The chemical shift perturbation of residue 9 arising from its proximity to an aromatic residue at position 2 provides information regarding the geometry and prevalence of the diagonal interaction. Thus, we compared the upfield shifting of Lys and Arg at position 9 when paired with Phe or Trp in position 2. To account for any differences in the folded population, we also investigated the upfield shifting of residue 9 in the cyclic peptides, CWKC and CWRC.

Based on the chemical shift perturbation of the Lys side chain in FK, WK, and CWKC relative to random coil, the most prominent site of interaction of Phe or Trp with Lys is between Cε and the aromatic ring. The ε-methylene is shifted by 0.28 ppm for FK and 0.39 ppm for WK. The δ-CH2 is also in close proximity to the aromatic ring, as indicated by shifting of 0.27 and 0.30 in FK and WK, respectively. In contrast, the ammonium group is shifted by only 0.1 and 0.24 ppm, respectively, indicating that interaction with the alkyl side chain is favored over the ammonium group. The cyclic peptide demonstrates the same trends as WK. The interaction of the ε-CH2 group of lysine has also been observed in proteins and in isolated α-helices, and appears to be the favored geometry for cation–π interactions with Lys.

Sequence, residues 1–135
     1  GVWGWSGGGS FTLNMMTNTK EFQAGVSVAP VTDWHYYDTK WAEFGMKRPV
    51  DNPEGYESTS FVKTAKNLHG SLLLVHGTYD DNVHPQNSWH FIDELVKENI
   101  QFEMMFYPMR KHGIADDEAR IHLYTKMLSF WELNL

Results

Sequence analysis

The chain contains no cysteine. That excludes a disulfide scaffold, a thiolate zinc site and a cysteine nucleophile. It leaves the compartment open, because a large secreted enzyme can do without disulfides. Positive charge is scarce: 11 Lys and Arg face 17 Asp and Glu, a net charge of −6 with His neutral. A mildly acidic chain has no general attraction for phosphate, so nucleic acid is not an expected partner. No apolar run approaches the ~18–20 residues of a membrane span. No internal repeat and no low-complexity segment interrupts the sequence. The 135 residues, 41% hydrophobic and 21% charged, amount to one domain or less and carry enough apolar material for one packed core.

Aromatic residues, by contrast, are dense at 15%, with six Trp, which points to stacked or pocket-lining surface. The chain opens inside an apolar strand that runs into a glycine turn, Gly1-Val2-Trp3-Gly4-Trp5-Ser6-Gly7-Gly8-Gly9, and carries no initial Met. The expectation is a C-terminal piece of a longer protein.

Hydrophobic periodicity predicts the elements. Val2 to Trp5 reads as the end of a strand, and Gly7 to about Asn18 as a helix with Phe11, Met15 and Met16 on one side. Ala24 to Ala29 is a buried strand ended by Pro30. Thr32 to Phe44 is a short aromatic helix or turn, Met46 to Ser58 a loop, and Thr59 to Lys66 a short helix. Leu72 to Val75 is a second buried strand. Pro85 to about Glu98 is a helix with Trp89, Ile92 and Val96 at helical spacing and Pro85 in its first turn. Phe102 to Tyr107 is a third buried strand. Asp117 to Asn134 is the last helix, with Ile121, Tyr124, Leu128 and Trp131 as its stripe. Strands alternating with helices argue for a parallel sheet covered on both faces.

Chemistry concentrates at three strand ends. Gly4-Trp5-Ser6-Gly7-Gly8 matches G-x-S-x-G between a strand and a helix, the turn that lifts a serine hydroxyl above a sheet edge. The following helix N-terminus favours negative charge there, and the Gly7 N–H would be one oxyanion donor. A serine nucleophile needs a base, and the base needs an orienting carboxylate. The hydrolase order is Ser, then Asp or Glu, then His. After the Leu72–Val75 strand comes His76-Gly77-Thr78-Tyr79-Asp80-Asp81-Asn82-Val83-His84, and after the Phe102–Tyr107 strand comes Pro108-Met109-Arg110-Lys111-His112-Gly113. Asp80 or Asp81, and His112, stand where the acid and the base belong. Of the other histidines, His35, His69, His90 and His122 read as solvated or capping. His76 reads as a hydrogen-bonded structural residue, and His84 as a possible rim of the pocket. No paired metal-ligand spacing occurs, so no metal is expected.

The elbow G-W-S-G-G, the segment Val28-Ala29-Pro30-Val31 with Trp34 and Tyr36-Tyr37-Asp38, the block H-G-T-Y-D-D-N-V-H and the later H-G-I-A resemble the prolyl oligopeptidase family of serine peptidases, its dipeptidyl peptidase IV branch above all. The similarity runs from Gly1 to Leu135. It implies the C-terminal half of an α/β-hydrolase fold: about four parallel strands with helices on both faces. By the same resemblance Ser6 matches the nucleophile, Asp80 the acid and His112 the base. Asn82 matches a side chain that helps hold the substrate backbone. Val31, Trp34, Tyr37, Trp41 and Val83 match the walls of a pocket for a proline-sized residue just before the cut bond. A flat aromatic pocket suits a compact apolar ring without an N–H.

Figure 7 shows the possible geometries for the Aryl•••Arg interaction (Gallivan and Dougherty 1999b). The stacked conformation is stabilized through the cation–π as well as additional nonelectrostatic effects such as van der Waals and π–π interactions. The splayed conformation is similar to the stacked conformation with the Cδ interacting with the aromatic ring, but with the guanidinium region weakly associated. The T-shaped geometry points one of the NH groups at the centroid of the ring. The upfield shifting of the Arg side chain with Phe or Trp provides information about the preferred geometry in this system (Fig. 6C). In peptide FR, the Cδ is the most shifted methylene. The NH groups of the guanidinium are also shifted by 0.17 ppm, indicating some stacked or splayed character to the cation–π interaction. In WR, the guanidinium NH resonances are shifted more than the Cδ: The Cδ is shielded by 0.39 ppm, and the amines are shifted by 0.41 and 0.47 ppm. The shifting of both the Cδ and NH groups is a strong indicator that the Trp•••Arg interaction is in a stacked orientation.